Rec Center responds to COVID-19

There have been several changes in staffing and programming at the Student Recreation Center

These changes come in addition to the safety measures the Rec Center has been taking since the beginning of the semester. Instead of high-risk intramurals like football and soccer, there will be pickleball, badminton and tennis. Steps are being taken to eliminate shared equipment and to sanitize any equipment that is used. Inside the Recreation Center patrons must wear masks and maintain six feet of social distance. Staff members clean every half-hour and patrons who use equipment such as ellipticals, treadmills and mats must sanitize them before and after use.   

The Recreation Center has also undergone some changes in staffing this year, as the previous director of campus recreation retired in June. The search process has been underway since July, and if all goes as planned, a new director will be selected by Jan. 1, 2021.  

Janna Stoskopf, vice president for student affairs, is serving as the interim campus recreation director. She said because of COVID-19 and other changes, the search for a new director started later than planned. 

There are two students who are a part of the search committee and there will also be an open forum time that students will be able to attend. Candidates will be reviewed by the search committee and an ultimate decision will be made by Stoskopf with the approval of President Sue Thomas

Stoskopf said there has been a strong pool of candidates, and there is now only a handful of candidates left who will go through the next stages of the process. 

There was also a rule change at the Recreation Center in addition to staffing changes. Originally, masks were not required during high intensity workouts, otherwise they were required at all times in the Recreation Center. This rule was changed about a week into the academic year, a change Stoskopf said was unpopular, but necessary.

“With the campus-wide policy about masks indoors, there was some concern initially as people are engaged in high-intensity activity, how does the mask affect a person’s ability to breathe easily,” Stoskopf said. “We started with a more lenient [policy], if you’re engaged in high intensity activity, then you didn’t necessarily have to have the mask on, but as soon as the activity stopped, you had to have the mask on. What we observed during the time that we had that in place, is that people were taking advantage of that and not putting the mask on when they were done.”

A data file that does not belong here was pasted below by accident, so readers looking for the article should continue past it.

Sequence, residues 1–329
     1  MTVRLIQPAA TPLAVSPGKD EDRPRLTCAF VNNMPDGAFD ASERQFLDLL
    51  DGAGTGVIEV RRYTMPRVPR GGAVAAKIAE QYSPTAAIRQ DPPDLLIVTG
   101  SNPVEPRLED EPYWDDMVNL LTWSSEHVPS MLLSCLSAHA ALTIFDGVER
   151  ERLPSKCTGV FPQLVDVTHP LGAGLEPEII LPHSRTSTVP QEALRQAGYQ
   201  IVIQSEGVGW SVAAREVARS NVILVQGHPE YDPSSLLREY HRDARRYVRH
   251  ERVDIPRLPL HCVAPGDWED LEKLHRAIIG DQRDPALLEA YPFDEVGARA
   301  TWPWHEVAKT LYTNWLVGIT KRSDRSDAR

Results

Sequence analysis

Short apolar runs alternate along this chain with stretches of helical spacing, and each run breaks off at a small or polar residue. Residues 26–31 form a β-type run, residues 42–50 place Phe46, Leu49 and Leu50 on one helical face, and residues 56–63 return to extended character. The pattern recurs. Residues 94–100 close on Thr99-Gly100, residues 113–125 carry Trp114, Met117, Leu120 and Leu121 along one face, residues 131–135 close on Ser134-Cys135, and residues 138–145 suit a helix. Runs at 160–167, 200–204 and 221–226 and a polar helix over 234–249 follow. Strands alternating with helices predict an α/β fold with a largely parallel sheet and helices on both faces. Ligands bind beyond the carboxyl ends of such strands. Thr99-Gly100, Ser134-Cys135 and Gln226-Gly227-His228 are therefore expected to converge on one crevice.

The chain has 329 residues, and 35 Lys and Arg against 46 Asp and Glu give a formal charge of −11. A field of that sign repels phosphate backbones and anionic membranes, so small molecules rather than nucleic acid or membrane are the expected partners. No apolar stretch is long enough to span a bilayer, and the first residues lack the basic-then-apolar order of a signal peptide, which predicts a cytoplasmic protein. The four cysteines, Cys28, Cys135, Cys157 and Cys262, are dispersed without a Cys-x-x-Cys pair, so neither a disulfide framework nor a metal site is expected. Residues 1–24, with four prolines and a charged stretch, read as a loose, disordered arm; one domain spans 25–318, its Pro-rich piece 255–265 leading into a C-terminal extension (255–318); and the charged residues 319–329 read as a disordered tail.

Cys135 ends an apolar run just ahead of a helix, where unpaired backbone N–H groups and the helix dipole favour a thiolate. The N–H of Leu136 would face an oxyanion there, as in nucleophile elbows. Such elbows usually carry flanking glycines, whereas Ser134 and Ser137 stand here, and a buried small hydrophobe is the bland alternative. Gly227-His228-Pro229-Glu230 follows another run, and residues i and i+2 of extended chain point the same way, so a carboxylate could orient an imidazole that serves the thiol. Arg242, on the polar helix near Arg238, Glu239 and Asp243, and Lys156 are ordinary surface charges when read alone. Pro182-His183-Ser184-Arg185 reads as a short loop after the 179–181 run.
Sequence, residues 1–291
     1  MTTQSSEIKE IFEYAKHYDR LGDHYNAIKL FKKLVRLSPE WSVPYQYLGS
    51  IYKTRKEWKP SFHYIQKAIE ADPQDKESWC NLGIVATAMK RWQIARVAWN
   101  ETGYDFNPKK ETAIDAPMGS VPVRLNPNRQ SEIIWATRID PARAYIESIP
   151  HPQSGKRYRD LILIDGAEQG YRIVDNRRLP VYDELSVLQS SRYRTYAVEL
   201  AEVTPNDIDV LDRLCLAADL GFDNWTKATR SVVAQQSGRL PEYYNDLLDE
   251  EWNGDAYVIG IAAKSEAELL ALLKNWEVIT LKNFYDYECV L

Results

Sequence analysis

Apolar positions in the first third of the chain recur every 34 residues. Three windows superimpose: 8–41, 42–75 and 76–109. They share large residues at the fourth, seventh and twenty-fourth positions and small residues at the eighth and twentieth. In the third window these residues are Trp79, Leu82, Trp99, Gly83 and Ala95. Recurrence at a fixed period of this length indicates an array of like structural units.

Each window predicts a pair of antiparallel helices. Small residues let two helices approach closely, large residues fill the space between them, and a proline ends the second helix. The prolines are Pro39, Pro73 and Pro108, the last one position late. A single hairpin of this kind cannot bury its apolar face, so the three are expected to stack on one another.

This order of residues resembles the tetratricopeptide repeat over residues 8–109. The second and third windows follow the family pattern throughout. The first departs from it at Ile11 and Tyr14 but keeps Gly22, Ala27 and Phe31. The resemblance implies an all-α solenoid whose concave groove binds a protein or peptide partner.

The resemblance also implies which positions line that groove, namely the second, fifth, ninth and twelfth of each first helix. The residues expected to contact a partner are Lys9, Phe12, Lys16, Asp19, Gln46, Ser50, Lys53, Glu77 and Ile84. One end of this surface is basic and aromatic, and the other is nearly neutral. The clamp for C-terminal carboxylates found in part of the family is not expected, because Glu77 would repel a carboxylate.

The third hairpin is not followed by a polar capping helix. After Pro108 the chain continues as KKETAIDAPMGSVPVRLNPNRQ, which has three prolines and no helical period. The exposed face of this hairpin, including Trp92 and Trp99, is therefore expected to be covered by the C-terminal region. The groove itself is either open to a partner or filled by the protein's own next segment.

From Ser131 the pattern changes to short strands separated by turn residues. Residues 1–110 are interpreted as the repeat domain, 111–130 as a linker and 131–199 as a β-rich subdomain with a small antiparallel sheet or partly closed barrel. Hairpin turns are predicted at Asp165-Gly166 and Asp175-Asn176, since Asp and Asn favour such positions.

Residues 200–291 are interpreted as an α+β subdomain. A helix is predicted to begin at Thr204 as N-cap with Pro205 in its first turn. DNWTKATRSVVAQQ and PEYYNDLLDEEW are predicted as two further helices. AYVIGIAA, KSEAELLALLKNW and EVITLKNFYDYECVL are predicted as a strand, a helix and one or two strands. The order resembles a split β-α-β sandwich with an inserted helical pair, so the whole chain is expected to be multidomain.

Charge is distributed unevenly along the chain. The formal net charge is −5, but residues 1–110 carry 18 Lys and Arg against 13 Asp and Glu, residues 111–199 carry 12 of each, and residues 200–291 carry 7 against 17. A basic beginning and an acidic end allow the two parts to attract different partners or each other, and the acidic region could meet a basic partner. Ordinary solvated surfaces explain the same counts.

For those who feel uncomfortable doing high-intensity activity with a mask, Stoskopf recommends mask brackets, which consist of a plastic framework that goes underneath the mask. Mask brackets allow for more room between the mask and the mouth, allowing the wearer to breathe in without the mask sticking to the mouth. However, Stoskopf does not recommend masks with filters, because filters break up any exhaled droplets and allow them to pass through the mask. She also said the Centers for Disease Control and Prevention recommends those who have trouble doing high-intensity workouts with a mask go to a location with better ventilation,  a location outside away from other people or to choose an activity that requires less intensity.

Eric Vaughn, director of intramural and recreational sports, said the Recreation Center is important to students this year not only as a way to stay healthy and release endorphins, but also as a way to release stress and be with other people. Stoskopf said the Recreation Center is providing avenues for students to be mindful and address not only physical well-being but also the role that nutrition, sleep and financial health fit in to reducing stress and being healthy. 

“I think [the students] certainly need outlets to engage in wellness types of activities,” Stoskopf said. “The Rec Center certainly has the physical component of that. There’s also things on the wellness side that are connected to the Rec Center website that expand to mindfulness and taking time for reflection and being very intentional and conscious about well-being and one’s lifestyle. I want us to get into a more broad scope of wellness and I think we’re moving in that direction with some conversations we’ve had recently. I think we’re going to see the development of more of a multi-disciplinary wellness route.” 

Stoskopf said the Recreation Center staff is open to suggestions. Students can communicate ideas through the suggestion boxes in the Recreation Center, or they can email